Drum Samples in Unity

I think I reached the goals I hoped to achieve with it. Since the jam I’ve found it actually quite listenable. Usually the first thirty seconds are a bit strange; I notice that, yeah, it’s not the best or most natural music I’ve ever heard, and the timings seem to be a little off. But once it goes through a few changes I get the jist of it and as musical “background noise” it makes an acceptable infinite mixtape. I definitely had fun making this, I feel like I finally “get” game jams.

I met up with some of the local Southampton game devs in the uni library to work on this. Joe made this infinite island explorer, Rob and Greg made a pixellated procedural mine navigation game. I played a few more web-based procjam entries today. There are many cool things, but I’d say Forska, Do Not Believe the Robots, Khrushchyovka and Empty Museum are all worth a look.


Substream • Autumn 2014

The Kickstarter for Substream has ended. I could have let it draw to a close naturally, but I decided to cancel it in advance. There are a few related reasons for this.

I have recently been offered some interesting work; games programming university lecturing. This conflicts with the goal of the Kickstarter; to work full-time on Substream. I had to decide whether to take this work, or to see the campaign through to the end. It already seemed unlikely to me that the campaign would be successful, so my decision was made.

The campaign reached 15% funding. Backers included names of people I recognize as having followed the game through it’s unusually long development process, family and friends, and those who discovered the game for the first time at Kickstarter. The challenge with this particular Kickstarter has been getting the pitch & link in front of enough people. I read many many articles and postmortems before this campaign, but there is nothing quite like the real thing. However, those who did respond to the campaign and pledged did so generously and enthusiastically, and this has been extremely encouraging.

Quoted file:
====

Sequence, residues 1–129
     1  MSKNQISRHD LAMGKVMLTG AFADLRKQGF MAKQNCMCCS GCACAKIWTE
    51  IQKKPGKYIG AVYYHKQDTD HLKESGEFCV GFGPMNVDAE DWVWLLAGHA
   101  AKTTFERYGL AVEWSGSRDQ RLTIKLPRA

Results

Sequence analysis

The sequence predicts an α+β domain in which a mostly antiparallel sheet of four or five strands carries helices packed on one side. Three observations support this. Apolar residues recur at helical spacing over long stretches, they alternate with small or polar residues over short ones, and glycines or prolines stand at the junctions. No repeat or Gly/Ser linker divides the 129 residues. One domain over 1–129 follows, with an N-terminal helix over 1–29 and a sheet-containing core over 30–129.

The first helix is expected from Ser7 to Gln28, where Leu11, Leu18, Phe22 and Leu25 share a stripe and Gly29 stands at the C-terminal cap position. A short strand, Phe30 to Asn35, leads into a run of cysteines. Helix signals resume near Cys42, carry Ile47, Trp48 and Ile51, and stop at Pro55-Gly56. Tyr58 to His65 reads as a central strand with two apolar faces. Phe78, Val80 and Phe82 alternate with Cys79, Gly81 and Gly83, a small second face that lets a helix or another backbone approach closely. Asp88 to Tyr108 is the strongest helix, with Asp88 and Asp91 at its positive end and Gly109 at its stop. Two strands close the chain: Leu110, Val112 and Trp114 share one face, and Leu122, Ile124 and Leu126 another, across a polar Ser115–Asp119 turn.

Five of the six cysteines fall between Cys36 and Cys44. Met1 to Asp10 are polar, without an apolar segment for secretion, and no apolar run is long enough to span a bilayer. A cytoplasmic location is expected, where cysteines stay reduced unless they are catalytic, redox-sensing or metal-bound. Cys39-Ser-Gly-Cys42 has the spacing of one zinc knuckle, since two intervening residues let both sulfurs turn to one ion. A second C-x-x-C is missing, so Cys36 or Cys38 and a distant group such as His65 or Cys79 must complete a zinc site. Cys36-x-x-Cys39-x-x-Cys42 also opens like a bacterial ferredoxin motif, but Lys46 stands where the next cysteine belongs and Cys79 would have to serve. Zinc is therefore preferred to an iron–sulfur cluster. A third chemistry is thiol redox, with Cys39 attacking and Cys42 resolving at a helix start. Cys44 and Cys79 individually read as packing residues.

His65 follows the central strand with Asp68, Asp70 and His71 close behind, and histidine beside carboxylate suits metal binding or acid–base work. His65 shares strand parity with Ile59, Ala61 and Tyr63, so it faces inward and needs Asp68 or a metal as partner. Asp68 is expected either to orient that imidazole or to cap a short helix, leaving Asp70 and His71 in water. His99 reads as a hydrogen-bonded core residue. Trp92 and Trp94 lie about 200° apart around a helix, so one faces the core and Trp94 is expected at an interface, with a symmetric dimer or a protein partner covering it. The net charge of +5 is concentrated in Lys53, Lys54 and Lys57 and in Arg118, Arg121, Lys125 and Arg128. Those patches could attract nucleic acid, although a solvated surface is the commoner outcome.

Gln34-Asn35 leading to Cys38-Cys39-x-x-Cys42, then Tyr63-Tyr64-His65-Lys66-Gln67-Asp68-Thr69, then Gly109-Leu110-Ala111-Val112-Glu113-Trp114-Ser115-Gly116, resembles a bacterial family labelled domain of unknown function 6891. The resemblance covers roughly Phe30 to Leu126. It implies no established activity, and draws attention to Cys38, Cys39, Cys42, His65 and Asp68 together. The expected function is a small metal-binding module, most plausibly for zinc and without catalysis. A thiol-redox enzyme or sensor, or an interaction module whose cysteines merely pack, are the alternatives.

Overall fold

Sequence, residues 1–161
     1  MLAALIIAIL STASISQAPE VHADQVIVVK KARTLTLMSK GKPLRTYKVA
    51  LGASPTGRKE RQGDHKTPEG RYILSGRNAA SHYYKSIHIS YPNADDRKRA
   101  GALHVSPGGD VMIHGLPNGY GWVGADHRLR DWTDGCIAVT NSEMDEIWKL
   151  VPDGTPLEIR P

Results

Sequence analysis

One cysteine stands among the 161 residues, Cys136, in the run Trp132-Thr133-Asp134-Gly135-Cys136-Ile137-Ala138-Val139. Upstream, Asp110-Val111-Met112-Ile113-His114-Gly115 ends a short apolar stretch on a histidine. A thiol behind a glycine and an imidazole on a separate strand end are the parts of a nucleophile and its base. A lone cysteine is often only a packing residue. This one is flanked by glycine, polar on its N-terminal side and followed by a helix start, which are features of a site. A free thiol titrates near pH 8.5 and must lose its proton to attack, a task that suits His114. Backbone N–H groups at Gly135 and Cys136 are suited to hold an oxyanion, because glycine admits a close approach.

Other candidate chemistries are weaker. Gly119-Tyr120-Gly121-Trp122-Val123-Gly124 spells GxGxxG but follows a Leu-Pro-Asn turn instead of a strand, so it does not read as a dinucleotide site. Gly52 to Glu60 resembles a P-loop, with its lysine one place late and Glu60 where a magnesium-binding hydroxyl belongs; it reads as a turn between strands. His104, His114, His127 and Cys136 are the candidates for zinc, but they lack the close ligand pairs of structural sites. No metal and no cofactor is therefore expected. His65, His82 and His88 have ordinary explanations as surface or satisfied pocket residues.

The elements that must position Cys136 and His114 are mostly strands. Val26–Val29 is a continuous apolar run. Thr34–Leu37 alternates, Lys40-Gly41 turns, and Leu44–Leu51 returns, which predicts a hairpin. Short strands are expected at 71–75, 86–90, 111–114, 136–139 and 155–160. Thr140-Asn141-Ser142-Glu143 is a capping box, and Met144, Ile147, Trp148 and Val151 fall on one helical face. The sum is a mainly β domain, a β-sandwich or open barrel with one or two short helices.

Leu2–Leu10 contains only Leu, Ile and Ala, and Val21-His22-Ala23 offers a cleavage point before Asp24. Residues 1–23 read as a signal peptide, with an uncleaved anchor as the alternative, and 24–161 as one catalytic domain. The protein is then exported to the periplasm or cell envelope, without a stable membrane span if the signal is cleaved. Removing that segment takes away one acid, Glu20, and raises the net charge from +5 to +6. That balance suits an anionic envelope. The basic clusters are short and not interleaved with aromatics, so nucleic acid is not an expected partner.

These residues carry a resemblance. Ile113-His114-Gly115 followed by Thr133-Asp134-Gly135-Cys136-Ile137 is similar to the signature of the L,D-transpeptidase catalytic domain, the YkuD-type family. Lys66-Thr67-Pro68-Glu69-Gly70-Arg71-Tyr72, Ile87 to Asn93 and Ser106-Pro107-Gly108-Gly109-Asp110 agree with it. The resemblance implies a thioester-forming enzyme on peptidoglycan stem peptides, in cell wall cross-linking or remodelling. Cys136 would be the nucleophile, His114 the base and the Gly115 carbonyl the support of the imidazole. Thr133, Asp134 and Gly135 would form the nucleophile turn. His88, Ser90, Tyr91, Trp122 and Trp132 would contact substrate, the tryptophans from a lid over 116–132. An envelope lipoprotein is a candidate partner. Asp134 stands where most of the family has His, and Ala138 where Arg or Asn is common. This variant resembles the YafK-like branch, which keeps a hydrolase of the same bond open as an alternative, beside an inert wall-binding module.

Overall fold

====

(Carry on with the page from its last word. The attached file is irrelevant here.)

I see plenty of great games struggling on Kickstarter these days, so I’m not taking this as an instruction to give up on my own. My current thinking is an aim to release the game with a reduced scope; less than the eight levels, perhaps with some sort of alpha demo build to help with feedback and compatibility tests. I’ll set off with this new goal and see how it goes. This week I’ve finished working on the environment for what will probably be level two of Substream, “Messi’s”. The final quarter of this level came quite quickly as most of the end sequence was a reworking of former melodies, which meant animations could be copied and tweaked which speeds up the process nicely.


Substream • Kickstarter

I’ve been pretty busy so I’m going to keep this one short. If everything continues to go to plan, I’m less than two weeks from launching a Kickstarter campaign for Substream. Crowd funding needs a lot of prep work. I knew this from reading a ton of advice articles and Kickstarter postmortems earlier in the year which gave me a good idea of what works, what to expect and why.

I’ve only done a little coding this month – polishing up sections of the game that will be in the trailer and fixing compatibility issues. Making a trailer has taken me a surprisingly long time; I’m letting the gameplay speak for itself for my main Kickstarter video, although I might still make a separate talky video. I’ve written about the mistakes I initially made with the trailer and the thought processes that lead to the final version but I figure it’ll make more sense to post that when the trailer is live.

Organising rewards so that they’re good value for backers, profitable for me, relevant to the project and interesting was a challenge, but actually kinda fun. I’m happy that I have a few unusual ones though; including Lego and handmade jewellery…


I still have much work to do. Images, press distribution planning, descriptions to write, and a few bugs I’d prefer to have fixed. But the day is definitely coming. See you on Kickstarter soon!